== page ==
• What financial return should you expect? You need to be realistic about the level of income you expect to make by investing in the share market.

    Because investing in shares is riskier than leaving your money in the bank or putting it in a term deposit, you must expect to get a greater return to compensate for the additional risk. But how much more?

    The best known stock investors are flat out making 20 to 25 per cent from their stock investments in the longer term, so don’t expect to make that much. Start with a goal to make about half that amount, 10 to 15 percent over time. This will still be about twice the amount that you could earn from a fixed term investment with a bank.

    Where will this return come from? It will come from dividends that companies pay to their shareholders on a regular basis, usually twice a year, as well as capital gain from the increase in the share price over time.

    While the dividends will come on a regular basis, the capital gain will only arise when you sell the stock.

    Dividend investing is used to describe the strategy of investors who wish to maximize their returns from dividends whereas investors who are more interested in capital gain prefer growth investing.

    You should be aware that investing for value or value investing involves both dividend and growth investing. This is my preferred strategy.

  • Some tips to always keep in mind I have summarized some of the important lessons that successful investors have learned from their investment experience over the years.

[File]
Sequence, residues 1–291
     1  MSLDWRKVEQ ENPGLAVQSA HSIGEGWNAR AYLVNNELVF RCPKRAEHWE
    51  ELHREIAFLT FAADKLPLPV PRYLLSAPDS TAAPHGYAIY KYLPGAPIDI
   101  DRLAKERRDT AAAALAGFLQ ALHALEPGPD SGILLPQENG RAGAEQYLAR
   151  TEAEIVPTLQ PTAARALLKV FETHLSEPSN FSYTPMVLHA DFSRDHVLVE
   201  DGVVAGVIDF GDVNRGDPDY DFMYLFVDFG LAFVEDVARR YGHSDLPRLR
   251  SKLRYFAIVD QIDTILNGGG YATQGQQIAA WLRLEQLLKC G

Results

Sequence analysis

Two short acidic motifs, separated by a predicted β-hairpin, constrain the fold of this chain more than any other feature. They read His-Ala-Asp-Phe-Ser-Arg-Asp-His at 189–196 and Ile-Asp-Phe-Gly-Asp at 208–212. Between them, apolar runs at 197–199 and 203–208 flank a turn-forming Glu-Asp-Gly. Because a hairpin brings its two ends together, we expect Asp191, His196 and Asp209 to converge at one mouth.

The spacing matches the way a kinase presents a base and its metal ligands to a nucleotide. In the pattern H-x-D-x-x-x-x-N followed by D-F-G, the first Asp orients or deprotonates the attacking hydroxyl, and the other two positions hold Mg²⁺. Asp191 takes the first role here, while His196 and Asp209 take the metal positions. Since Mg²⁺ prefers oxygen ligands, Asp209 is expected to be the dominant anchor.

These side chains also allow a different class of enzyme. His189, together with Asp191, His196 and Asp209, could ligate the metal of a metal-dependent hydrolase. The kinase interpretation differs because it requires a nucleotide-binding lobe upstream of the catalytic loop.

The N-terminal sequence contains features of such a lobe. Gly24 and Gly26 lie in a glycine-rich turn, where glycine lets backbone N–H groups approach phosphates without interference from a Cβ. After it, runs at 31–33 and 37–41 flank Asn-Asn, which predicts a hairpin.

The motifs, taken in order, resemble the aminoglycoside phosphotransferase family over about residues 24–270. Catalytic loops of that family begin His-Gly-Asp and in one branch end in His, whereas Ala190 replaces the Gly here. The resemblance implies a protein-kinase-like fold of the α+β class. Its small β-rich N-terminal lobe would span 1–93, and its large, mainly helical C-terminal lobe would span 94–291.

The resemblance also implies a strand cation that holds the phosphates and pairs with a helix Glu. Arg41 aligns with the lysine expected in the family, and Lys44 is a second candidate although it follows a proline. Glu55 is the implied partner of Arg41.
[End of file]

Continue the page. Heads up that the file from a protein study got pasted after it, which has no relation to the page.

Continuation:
These concise statements are what one may call 'basic truths' or 'truisms' about investing in the stock market. Some are also called 'rules of thumb' because they incorporate deeper knowledge expressed in a simple way.

    I (re)turn to these concise statements from time to time to reinforce in my mind the wisdom that they encapsulate. I recommend them to you.

  • In Summary ...

    Knowing when to buy and sell shares and being realistic about the return you expect to make are important considerations about investing in the stock market.

    Being aware of some basic 'truths' about stock investing will also serve you well as a source of distilled wisdom from the experience of some of the world's best investors.

    To Conclude This Beginners Guide to Investing

    Investing in the stock market requires an understanding of yourself and your financial goals, as well as an understanding of the stock market and the way it works.

    This beginners guide to investing has posed some questions and has considered what decisions need to be made before becoming involved in the nuts and bolts of how to purchase stocks and how to sell them.

    It has also considered the mechanics of the stock market and how to go about buying and selling.

    By following this considered approach to learning stock market basics, you will be on the way to becoming a competent and successful value investor who is better prepared to achieve the goals that have been set, whether they be short term, or long term for retirement planning.